Wednesday, January 20, 2010

Masochism at Play

At the start each of our college careers we are warned excessively about the importance of protecting ourselves from the germs in our new environment. As always, signs are posted around campus warning us to wash our hands, cover our coughs, and-most importantly this year it seems-to see a doctor at the first sign of flu-like symptoms. Unfortunately, as goodhearted as these warnings are they are not always enough. I must take a moment here to explain that while I try hard to follow these rules, still I am not the most healthy of 19 year olds. I rarely work out, aside from walking up and down the hill to class, I sleep deprive myself like most college students and as a female am ridiculously addicted to chocolate( mainly of the dark variety)and many other sweets.

Now, I know I cannot be the only person in the world who has these and other unhealthy habits. However, I am convinced that I am the only person capable of getting sick every two weeks on the mark. You see, the previous school semester (coincidentally my first college semester) I had the following illnesses: stomach bug, cold (eh, no biggie, right?), flu- which was actually the swine flu (I got you interested with that one,yes?), respiratory infection-a.k.a. a cough that lasted FOREVER, I'm sure there was another cold about this time, and a kidney infection during finals. In a period of about 4 months, that is approximately every two weeks that I was sick. Oh, wait I am not done. Think this sounds ridiculous enough yet? Well, I just recently got some blood work done and found out I have the Epstein-Barr virus. For those of you that don't know, this virus is more affectionately know as Mononucleosis- or Mono. It is inactive at the moment, but the doctor tells me I had it last semester for sure. I found myself laughing at the the absurdity of it all- I mean what are the odds of getting sick that many times and with that many major infections? While the flu, a kidney infection, and Mono are not the worst infections to get, they are all of the variety to greatly fatigue you and thus make college living slightly more complicated (or as I take it at this point: slightly more comical to look back on).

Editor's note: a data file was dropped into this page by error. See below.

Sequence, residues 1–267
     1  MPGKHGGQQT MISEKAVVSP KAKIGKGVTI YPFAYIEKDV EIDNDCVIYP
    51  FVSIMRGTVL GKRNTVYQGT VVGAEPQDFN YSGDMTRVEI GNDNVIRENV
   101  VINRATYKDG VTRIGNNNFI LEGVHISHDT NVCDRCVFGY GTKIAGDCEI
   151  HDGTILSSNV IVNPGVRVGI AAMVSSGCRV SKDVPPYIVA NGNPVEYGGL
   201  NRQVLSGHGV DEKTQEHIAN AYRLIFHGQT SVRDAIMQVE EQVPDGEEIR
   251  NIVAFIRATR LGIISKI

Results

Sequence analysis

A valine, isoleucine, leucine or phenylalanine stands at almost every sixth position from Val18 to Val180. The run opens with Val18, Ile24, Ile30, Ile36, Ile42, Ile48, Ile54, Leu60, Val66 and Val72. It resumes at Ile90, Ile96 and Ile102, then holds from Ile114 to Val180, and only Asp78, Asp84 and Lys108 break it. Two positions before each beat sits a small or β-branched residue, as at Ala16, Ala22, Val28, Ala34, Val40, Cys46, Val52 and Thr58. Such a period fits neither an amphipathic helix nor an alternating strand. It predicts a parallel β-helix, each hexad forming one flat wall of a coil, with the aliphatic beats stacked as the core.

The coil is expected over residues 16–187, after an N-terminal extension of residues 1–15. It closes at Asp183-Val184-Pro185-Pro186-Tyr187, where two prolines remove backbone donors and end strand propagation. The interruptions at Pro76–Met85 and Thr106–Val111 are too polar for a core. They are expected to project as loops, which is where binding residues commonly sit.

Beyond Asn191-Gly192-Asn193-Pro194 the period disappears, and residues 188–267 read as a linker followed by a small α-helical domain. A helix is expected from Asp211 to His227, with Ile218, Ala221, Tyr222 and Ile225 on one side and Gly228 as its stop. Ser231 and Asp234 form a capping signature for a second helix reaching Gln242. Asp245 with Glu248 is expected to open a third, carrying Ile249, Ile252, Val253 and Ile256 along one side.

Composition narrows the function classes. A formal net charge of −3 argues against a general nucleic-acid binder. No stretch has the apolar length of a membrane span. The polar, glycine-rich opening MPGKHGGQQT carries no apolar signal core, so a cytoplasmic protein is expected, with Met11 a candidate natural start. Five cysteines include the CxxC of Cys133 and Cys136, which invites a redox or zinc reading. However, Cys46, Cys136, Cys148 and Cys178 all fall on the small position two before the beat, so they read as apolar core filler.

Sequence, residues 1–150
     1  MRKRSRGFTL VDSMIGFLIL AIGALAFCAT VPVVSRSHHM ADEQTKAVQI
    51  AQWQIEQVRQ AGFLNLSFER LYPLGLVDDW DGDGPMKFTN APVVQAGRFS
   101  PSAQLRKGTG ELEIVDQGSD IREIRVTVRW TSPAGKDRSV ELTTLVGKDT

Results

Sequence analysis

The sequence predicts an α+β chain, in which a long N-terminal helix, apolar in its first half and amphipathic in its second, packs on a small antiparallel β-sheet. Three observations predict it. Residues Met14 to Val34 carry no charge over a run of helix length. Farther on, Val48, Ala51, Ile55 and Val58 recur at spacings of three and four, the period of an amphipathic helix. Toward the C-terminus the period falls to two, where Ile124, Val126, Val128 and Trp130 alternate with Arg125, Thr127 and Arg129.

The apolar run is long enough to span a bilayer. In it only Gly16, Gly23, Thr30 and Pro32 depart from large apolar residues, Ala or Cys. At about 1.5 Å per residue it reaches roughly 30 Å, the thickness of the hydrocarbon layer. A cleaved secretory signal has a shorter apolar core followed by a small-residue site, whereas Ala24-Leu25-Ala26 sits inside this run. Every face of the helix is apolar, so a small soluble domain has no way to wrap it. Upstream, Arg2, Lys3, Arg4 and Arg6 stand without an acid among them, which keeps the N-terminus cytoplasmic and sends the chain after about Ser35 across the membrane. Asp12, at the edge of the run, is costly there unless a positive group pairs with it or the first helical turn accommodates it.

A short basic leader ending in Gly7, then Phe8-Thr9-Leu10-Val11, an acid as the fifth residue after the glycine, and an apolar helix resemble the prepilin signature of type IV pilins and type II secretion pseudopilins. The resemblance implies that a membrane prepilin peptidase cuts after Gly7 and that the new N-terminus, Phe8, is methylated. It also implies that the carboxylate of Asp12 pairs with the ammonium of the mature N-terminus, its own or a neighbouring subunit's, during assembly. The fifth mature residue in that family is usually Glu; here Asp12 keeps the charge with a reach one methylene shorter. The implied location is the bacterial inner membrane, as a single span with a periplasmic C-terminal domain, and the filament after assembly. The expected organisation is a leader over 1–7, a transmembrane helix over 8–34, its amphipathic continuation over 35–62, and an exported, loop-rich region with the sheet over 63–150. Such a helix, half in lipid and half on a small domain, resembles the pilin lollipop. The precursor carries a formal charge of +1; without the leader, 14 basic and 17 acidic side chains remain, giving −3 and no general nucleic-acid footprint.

So, for the following semester I have these quandaries: Can I make it a whole two weeks without getting sick? Will I make it the whole semester without any other major infections to add to my repertoire? Or will my seemingly masochistic immune system get the better of me? Regardless, I invite you to enjoy the absurdities of my life as I live among the healthier kind.

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